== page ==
The coronavirus pandemic is the perfect opportunity for billionaires to justify their existence.
For years, wealthy Americans have argued that philanthropy was essential to a functioning society. In contrast to unwieldy, inefficient government programs, private donors have the ability to take swift action and deliver social impact free of bureaucracy.
“My wife and I set up a foundation about 20 years ago,” computer magnate Michael Dell said last year in response to a Democratic proposal to enact a wealth tax. “I feel much more comfortable with our ability as a private donation to allocate those funds than I do giving them to the government.”
JPMorgan Chase CEO Jamie Dimon and Starbucks founder Howard Schultz made the same case, arguing that taxing wealth robs billionaires of their capacity to invest in private and public innovation. Philanthropy, Bill Gates said when asked about a wealth tax at The New York Times’ Dealbook conference last year, “plays a role that neither the private sector or the government is able to do.”
Two months into the coronavirus outbreak, America is still waiting for billionaire philanthropists to deliver on any of these promises.
As of Wednesday afternoon, America had logged at least 54,453 cases of COVID-19, the disease caused by the coronavirus, and 737 associated deaths, according to the Centers for Disease Control and Prevention. Ending the pandemic will require bold ideas, private-sector innovation, new technology — and a massive infusion of resources. Hospitals need beds and protective equipment. Americans need swift and reliable diagnostic tests. If there was ever a time when America needed decisive action from its wealthiest citizens, this is it.
So far, however, they haven’t stepped up. A systematic review of America’s 50 richest people reveals that vanishingly few billionaires have made even token efforts to address the COVID-19 crisis.
Dell’s company has donated software and facemasks to China, but he hasn’t contributed any of his $ 32.3 billion personal fortune to addressing the crisis at home. Neither Dimon nor Schultz have announced any donations to help the health system respond to the pandemic. While Gates has been funding COVID-19 efforts since January, his contributions so far amount to less than one-1,000th of his total net worth and roughly one-20th of his yearly liability under a 2% wealth tax.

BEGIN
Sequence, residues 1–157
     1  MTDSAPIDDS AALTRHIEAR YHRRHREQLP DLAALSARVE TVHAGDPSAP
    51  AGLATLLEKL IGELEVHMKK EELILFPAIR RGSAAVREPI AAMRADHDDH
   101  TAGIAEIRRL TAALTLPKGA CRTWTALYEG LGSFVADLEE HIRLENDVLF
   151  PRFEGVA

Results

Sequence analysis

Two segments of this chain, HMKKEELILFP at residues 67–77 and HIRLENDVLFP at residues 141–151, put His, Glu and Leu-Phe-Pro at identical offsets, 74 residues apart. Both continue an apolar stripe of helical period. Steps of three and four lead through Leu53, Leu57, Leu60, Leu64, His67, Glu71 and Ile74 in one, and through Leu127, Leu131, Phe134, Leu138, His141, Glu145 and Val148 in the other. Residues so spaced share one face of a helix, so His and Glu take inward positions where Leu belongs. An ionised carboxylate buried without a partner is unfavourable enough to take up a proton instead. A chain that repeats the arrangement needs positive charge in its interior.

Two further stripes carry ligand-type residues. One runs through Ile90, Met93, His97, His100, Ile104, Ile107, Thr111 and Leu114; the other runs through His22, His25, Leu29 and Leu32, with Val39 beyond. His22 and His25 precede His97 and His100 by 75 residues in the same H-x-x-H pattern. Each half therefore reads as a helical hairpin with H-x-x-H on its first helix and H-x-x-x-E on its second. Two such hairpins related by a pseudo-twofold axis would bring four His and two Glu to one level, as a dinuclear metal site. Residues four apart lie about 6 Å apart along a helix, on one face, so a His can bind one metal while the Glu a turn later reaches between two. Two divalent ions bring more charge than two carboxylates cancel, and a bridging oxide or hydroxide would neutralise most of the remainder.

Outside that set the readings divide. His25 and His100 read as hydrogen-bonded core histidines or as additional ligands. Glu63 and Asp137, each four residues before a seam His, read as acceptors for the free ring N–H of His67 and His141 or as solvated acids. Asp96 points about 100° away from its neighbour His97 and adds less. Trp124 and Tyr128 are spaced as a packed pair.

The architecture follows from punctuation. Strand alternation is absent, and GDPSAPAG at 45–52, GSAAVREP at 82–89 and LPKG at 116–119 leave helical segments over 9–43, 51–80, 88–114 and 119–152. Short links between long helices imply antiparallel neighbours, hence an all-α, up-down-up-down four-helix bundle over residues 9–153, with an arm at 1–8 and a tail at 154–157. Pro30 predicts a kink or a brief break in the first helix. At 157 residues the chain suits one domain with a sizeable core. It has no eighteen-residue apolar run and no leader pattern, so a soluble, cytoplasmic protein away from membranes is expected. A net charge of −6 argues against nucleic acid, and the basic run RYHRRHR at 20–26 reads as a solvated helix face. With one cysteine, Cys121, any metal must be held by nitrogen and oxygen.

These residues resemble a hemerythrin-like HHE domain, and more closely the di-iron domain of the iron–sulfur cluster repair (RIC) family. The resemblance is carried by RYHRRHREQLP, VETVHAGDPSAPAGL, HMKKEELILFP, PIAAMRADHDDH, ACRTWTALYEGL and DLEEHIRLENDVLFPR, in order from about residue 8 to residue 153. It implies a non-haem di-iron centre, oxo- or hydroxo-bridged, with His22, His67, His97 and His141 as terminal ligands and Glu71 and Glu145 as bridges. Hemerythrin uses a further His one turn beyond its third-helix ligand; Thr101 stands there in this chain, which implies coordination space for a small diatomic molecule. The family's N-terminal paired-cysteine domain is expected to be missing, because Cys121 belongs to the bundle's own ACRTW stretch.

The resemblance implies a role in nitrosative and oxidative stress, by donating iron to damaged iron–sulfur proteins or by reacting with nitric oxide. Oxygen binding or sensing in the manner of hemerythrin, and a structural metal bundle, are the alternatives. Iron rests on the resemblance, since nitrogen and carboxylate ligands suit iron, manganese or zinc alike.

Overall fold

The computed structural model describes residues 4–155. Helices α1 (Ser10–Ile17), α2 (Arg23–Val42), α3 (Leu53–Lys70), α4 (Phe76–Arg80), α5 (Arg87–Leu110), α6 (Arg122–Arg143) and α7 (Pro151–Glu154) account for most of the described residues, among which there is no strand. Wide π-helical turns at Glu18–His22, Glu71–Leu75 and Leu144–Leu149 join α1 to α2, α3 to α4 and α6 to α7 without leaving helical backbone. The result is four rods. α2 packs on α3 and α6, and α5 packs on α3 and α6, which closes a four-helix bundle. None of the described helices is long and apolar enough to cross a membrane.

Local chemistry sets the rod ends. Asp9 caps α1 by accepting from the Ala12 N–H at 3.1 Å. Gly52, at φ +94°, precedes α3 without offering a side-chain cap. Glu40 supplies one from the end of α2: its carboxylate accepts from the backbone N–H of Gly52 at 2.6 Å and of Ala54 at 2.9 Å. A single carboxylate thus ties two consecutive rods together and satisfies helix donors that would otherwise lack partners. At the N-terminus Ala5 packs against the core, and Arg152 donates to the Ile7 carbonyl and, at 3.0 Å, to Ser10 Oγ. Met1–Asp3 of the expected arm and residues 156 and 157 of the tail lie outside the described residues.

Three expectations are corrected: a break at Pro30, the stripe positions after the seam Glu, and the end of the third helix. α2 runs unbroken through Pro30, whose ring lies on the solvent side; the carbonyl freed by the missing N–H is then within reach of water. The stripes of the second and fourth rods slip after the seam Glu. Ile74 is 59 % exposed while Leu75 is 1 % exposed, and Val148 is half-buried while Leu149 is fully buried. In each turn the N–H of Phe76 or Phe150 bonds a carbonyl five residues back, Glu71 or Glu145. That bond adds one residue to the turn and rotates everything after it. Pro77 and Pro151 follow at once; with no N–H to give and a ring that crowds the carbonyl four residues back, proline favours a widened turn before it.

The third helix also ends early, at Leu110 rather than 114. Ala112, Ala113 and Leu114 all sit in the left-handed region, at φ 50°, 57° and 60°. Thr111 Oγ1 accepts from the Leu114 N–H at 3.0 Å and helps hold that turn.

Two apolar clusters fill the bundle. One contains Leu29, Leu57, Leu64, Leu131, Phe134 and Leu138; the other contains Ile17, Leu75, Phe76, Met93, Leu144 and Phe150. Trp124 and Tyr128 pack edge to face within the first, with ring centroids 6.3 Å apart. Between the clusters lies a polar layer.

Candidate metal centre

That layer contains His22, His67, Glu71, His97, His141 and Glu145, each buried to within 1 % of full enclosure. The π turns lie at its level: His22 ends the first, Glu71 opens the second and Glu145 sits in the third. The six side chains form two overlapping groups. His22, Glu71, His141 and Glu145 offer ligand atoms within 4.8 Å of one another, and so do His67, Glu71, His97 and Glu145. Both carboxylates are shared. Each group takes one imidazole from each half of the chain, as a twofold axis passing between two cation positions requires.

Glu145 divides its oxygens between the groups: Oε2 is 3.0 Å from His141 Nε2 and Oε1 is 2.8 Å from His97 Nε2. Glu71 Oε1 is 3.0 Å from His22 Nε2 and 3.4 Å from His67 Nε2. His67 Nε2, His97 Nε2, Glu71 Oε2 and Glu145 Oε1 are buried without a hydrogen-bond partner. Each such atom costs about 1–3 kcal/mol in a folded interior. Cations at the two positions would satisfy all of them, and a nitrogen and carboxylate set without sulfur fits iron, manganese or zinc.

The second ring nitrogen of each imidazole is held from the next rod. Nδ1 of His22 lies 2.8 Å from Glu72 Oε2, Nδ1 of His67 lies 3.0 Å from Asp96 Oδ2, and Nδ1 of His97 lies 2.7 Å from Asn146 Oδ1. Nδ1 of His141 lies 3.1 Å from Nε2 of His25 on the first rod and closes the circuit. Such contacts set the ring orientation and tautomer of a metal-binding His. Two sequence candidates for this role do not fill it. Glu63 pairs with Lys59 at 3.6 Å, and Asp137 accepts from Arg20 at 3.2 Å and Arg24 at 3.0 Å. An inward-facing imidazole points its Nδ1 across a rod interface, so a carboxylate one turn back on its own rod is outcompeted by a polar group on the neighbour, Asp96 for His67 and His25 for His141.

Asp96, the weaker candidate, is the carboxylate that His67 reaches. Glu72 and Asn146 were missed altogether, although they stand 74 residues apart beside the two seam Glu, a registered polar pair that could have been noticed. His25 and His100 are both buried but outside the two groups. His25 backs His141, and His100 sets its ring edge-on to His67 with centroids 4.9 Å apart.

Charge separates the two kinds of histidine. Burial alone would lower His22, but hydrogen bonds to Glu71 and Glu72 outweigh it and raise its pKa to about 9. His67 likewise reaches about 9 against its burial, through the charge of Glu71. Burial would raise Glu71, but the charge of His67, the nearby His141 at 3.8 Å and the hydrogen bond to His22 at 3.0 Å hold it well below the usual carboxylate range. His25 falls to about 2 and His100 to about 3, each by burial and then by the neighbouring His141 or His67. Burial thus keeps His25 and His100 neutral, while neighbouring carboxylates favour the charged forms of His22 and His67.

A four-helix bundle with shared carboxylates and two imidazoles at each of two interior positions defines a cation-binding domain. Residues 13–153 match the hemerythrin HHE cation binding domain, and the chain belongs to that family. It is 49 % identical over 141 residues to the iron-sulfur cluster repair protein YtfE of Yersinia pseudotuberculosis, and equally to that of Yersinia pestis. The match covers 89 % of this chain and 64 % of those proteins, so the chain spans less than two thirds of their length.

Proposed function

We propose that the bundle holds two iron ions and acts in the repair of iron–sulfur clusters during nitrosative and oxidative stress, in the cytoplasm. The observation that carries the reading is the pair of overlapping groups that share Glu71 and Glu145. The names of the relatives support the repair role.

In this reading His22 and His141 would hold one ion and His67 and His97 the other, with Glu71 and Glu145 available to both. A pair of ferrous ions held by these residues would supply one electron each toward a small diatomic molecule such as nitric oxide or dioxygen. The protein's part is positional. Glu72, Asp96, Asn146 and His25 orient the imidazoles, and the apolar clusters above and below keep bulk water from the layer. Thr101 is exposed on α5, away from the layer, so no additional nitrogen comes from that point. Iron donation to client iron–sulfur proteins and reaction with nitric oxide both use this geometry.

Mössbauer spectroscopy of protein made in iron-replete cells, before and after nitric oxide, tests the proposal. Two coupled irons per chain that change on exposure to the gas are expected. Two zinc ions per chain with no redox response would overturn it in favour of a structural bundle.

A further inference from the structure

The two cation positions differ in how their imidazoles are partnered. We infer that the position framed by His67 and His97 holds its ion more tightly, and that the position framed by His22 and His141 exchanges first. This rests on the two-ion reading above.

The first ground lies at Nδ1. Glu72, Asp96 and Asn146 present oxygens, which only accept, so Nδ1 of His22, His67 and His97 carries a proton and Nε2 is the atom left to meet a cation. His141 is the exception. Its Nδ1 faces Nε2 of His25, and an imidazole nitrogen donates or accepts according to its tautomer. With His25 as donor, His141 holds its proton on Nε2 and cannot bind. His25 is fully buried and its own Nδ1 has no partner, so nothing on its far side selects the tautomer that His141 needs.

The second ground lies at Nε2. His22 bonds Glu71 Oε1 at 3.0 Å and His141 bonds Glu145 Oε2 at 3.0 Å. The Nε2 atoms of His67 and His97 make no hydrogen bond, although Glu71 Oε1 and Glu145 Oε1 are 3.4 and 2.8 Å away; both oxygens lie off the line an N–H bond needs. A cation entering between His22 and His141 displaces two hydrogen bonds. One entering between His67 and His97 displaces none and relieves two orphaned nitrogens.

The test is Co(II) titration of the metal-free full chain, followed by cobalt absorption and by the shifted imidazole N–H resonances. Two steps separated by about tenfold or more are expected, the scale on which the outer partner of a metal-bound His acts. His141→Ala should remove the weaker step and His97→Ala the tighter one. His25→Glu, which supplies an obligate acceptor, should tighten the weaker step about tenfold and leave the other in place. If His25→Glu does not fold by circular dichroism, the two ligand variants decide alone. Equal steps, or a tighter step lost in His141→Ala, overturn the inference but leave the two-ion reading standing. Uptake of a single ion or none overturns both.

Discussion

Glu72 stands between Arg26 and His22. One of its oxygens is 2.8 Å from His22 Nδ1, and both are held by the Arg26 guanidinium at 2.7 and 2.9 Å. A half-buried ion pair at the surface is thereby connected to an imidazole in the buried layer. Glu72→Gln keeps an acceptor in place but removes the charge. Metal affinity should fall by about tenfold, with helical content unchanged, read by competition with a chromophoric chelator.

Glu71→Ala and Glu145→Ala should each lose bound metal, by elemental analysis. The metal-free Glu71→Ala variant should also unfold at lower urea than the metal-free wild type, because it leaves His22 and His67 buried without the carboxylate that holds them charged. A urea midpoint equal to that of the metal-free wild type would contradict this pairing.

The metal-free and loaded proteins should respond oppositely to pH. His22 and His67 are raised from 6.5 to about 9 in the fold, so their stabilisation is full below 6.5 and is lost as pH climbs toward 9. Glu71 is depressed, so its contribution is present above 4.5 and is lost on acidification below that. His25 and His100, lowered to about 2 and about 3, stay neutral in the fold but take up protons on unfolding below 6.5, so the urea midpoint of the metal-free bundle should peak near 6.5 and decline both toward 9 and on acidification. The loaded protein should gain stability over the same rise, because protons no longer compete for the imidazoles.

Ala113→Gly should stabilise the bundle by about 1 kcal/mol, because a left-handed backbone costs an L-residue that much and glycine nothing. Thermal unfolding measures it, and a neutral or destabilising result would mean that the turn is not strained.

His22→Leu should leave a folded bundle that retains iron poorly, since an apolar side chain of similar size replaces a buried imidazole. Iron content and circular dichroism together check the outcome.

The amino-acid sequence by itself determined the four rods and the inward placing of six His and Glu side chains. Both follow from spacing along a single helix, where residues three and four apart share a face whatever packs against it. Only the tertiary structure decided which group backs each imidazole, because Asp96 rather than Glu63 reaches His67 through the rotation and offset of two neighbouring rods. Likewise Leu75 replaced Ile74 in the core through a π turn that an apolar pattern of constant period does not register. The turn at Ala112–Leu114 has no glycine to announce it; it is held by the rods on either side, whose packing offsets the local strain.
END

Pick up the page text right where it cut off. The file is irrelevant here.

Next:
Where Are The Billionaires?
While positive press coverage may create the impression that billionaires are chipping in to help America tackle COVID-19, the vast majority of the country’s 540 billionaires have in fact made no public contributions whatsoever.
Neither Charles Koch nor the family of his late brother, David Koch, have donated any of their combined $ 80 billion personal fortune to the crisis. Despite pledging to give away 99% of his wealth before before dying, Warren Buffett has not contributed any of his $ 80 billion personal fortune to the cause.
Other notable billionaires who have not announced any charitable efforts to address the coronavirus crisis include casino magnate Sheldon Adelson (net worth: $ 34.5 billion), Oracle co-founder Larry Ellison ($ 65 billion) and Google co-founders Larry Page ($ 55.5 billion) and Sergey Brin ($ 53.5 billion). America’s wealthiest hedge-fund manager, Jim Simons, has announced investments in vaccine startups but has not made any public announcement of philanthropic efforts.
Even among billionaires who have made donations, few have contributed more than the equivalent of pocket change. Nike co-founder Phil Knight, for example, is donating “a combined $ 10 million” with two other executives. The Walton family, with a combined net worth of over $ 150 billion, is donating $ 25 million through Walmart and The Walmart Foundation — a mere .016% of their wealth. And while Amazon CEO Jeff Bezos, the richest person in the world, has announced a series of charitable efforts through his company, he has made no large-scale donations himself.
One of the more generous donors — compared to his peers anyway — is Microsoft co-founder Steve Ballmer, who has pledged $ 4 million to community groups in Seattle and Los Angeles. Those donations amount to just 0.0077% (or one-12,000th) of Ballmer’s $ 51.7 billion fortune. If the average American family (median net worth: $ 97,300) gave away that much, it would amount to $ 8.10.